Limited liability companies (or "LLCs") have become a very popular form of business entity because they combine the limited liability aspect of a corporation with the pass-through tax treatment of a partnership. Unlike a partnership, an LLC does not require that an owner (called a "member") take the risk of being held personally liable for the entity's actions. At the same time, an LLC receives "pass through" tax treatment, meaning that its members claim the LLC's income as their own. This avoids a double taxation situation, where the business pays taxes, but the members must also claim income from the entity on their personal tax returns.
In this way, LLC's are similar to a corporation that has filed a "subchapter S" election, referring to Internal Revenue Code Subchapter S (IRC §§1361-1379). Corporations for which a valid election under Subchapter S is in effect for a particular taxable year are referred to as "S corps," and corporations that are not S corporations are referred to as "C corps." IRC §1361(a).
While an S Corp. also permits pass-through tax treatment and shields owners (called "shareholders") from liability, an LLC has a number of advantages over an S Corp. An S Corp. can only have one class of stock, but an LLC's Operating Agreement may allocate income, gain, and loss disproportionately amongst members. Unlike an LLC, S Corp. shareholders cannot include certain categories of persons or types of entities, for example, non-resident aliens, partnerships, LLC's, or corporations. An S Corp. is also generally required to pay a reasonable salary to the owner, but an LLC is not.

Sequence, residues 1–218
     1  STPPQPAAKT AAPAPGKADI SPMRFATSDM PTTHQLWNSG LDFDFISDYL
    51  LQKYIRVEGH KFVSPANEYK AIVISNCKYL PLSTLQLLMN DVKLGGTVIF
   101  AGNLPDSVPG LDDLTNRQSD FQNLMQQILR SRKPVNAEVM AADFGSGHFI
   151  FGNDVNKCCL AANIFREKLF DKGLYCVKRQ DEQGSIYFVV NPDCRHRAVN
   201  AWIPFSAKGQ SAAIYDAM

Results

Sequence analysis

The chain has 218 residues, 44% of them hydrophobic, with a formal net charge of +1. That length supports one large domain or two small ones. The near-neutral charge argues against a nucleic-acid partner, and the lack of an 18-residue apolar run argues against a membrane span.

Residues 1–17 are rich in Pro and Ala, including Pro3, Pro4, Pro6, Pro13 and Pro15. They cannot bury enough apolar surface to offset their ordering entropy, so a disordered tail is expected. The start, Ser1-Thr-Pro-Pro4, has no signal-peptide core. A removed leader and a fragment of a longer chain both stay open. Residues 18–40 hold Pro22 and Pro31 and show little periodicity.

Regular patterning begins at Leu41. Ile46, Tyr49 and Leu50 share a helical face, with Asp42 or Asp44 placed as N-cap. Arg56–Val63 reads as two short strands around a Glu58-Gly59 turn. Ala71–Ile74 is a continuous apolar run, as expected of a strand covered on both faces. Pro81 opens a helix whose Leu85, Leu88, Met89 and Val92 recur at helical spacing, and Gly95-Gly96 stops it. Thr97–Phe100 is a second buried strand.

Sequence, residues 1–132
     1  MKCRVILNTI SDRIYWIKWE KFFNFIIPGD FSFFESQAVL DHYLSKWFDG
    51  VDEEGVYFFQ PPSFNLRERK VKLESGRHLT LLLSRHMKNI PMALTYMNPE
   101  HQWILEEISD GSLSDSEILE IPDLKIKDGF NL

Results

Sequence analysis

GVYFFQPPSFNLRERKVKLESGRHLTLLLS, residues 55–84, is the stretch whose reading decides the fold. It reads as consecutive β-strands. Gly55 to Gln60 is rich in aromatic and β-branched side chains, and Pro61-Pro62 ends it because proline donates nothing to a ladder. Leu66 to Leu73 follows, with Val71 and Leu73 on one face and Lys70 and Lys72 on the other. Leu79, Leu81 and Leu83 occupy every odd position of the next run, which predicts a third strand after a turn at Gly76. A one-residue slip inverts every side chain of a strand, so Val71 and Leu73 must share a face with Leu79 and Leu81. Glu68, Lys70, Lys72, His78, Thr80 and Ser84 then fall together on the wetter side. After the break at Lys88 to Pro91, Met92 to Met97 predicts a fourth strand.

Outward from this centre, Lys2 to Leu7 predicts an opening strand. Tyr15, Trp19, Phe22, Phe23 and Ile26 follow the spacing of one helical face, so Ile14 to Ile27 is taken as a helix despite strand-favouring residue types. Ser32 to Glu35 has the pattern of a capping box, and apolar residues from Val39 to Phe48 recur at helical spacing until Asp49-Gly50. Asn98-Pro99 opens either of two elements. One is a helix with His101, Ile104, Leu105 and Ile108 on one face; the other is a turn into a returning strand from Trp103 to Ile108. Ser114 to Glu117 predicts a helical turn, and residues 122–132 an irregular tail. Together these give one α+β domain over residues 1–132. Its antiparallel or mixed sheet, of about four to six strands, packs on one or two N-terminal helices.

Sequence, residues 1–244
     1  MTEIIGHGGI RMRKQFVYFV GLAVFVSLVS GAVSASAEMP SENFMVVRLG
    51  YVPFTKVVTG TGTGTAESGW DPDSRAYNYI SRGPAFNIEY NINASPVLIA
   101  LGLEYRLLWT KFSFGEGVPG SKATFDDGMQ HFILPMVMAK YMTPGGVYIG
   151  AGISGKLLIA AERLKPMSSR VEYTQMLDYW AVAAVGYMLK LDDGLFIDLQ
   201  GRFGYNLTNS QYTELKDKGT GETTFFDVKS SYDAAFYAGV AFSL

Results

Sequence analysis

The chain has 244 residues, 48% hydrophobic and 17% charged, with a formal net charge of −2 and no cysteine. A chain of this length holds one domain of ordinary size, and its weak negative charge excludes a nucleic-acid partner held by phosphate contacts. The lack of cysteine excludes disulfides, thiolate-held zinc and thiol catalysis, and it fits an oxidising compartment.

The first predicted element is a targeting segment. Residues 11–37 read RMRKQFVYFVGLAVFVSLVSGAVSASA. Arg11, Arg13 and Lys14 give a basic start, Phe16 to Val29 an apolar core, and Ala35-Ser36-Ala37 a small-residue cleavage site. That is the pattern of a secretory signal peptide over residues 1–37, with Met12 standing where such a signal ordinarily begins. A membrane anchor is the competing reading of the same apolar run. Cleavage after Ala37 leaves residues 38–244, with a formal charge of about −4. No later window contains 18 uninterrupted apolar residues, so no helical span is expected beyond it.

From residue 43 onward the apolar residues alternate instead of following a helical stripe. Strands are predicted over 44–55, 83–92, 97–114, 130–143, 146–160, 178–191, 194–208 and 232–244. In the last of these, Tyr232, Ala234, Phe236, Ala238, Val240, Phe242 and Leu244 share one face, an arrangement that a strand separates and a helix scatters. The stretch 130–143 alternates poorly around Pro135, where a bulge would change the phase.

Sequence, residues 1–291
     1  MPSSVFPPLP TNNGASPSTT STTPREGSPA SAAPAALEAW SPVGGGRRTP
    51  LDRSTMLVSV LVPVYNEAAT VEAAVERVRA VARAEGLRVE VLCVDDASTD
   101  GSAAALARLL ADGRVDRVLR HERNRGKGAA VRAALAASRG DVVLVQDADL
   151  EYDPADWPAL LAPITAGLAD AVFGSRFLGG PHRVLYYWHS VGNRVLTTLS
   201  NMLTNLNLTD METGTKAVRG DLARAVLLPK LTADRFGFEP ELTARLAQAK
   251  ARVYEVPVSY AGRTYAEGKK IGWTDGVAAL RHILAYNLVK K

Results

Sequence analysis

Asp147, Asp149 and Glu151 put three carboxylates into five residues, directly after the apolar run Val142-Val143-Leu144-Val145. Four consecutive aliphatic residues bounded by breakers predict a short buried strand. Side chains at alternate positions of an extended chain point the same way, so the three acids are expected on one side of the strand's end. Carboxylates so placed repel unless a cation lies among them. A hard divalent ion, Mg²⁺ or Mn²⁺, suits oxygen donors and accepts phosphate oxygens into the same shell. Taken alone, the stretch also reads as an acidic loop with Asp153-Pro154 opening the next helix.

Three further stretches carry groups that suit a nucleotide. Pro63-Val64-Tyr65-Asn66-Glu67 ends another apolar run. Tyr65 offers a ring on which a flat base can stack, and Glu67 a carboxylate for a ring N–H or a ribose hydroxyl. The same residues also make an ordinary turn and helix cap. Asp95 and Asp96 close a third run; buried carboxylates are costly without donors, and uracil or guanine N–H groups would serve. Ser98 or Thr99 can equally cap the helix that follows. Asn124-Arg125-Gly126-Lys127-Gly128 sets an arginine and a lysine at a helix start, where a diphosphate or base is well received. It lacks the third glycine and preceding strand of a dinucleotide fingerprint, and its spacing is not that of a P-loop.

Another important distinction between these two entities is the way the State of California taxes each entity. Both entities are required to pay a $800.00 minimum annual franchise tax. An S Corp. is then also taxed an amount equal to 1.5 percent of its net income. An LLC, on the other hand, must pay an additional fee if its gross revenue is at least $250,000. This additional fee, which can be substantial, depends on how much gross revenue the LLC receives.
Although there are some situations in which an S Corp. is more favorable than an LLC, the LLC has surpassed the S Corp. as the most popular form of closely held business, prompting many shareholders of S Corps. to inquire about converting to an LLC. There are some situations in which converting is desirable, but the shareholders of an S Corp. may be better off choosing not to convert to an LLC, despite its advantages. Conversion involves attorney's fees, accounting fees, filing fees, and other costs. In additions, the IRS typically treats the conversion or merger of an existing S Corp. into an LLC as a liquidation of the S Corp. that can produce negative tax consequences. If you are a shareholder interested in converting your S Corp. to an LLC, you should first consult with a CPA and an attorney about the potential tax consequences of such a conversion.
If you have questions about forming an S Corps., LLC, or other type of business entity, please contact our office for a personal consultation with an attorney.
• Forming and Operating California Limited Liability Companies (3d ed Cal. Cont. Ed. Bar).
• Organizing Corporations in California (3d ed Cal. Cont. Ed. Bar).
• Selecting and Forming Business Entities (2d ed Cal. Cont. Ed. Bar).
• Internal Revenue Code §§1361-1379.
• Revenue & Tax Code §§ 17941-17942, 23802, 23153.
• Daniel C. Schwartz, Tax Consequences of Business Entity Choice, Los Angeles Lawyer (Oct. 2014) p. 8.
About the Author: Daniel Evans is an associate attorney at Ruddell, Cochran, Stanton, Smith & Bixler. His areas of practice include buisness Law, estate planning, trust administration and probate, and real estate law.